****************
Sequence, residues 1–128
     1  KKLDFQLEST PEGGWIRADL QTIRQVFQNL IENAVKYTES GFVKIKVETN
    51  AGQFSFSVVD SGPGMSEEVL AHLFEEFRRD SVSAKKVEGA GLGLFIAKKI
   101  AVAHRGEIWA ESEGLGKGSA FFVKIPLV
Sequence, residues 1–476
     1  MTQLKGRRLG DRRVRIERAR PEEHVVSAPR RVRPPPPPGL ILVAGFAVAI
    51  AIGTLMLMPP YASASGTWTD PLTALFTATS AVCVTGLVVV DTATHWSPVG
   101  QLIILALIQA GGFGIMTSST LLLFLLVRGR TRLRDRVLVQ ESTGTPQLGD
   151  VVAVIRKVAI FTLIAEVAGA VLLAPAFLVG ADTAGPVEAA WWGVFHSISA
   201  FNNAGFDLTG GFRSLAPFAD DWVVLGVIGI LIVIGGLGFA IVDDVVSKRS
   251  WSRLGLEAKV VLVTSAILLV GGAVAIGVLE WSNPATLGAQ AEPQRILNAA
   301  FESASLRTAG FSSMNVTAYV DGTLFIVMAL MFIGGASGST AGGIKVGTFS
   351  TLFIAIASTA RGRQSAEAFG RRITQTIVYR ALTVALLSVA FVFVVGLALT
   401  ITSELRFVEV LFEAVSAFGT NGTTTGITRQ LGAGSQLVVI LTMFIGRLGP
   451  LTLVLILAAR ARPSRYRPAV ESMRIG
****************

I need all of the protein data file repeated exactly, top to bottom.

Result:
Sequence, residues 1–128
     1  KKLDFQLEST PEGGWIRADL QTIRQVFQNL IENAVKYTES GFVKIKVETN
    51  AGQFSFSVVD SGPGMSEEVL AHLFEEFRRD SVSAKKVEGA GLGLFIAKKI
   101  AVAHRGEIWA ESEGLGKGSA FFVKIPLV
Sequence, residues 1–476
     1  MTQLKGRRLG DRRVRIERAR PEEHVVSAPR RVRPPPPPGL ILVAGFAVAI
    51  AIGTLMLMPP YASASGTWTD PLTALFTATS AVCVTGLVVV DTATHWSPVG
   101  QLIILALIQA GGFGIMTSST LLLFLLVRGR TRLRDRVLVQ ESTGTPQLGD
   151  VVAVIRKVAI FTLIAEVAGA VLLAPAFLVG ADTAGPVEAA WWGVFHSISA
   201  FNNAGFDLTG GFRSLAPFAD DWVVLGVIGI LIVIGGLGFA IVDDVVSKRS
   251  WSRLGLEAKV VLVTSAILLV GGAVAIGVLE WSNPATLGAQ AEPQRILNAA
   301  FESASLRTAG FSSMNVTAYV DGTLFIVMAL MFIGGASGST AGGIKVGTFS
   351  TLFIAIASTA RGRQSAEAFG RRITQTIVYR ALTVALLSVA FVFVVGLALT
   401  ITSELRFVEV LFEAVSAFGT NGTTTGITRQ LGAGSQLVVI LTMFIGRLGP
   451  LTLVLILAAR ARPSRYRPAV ESMRIG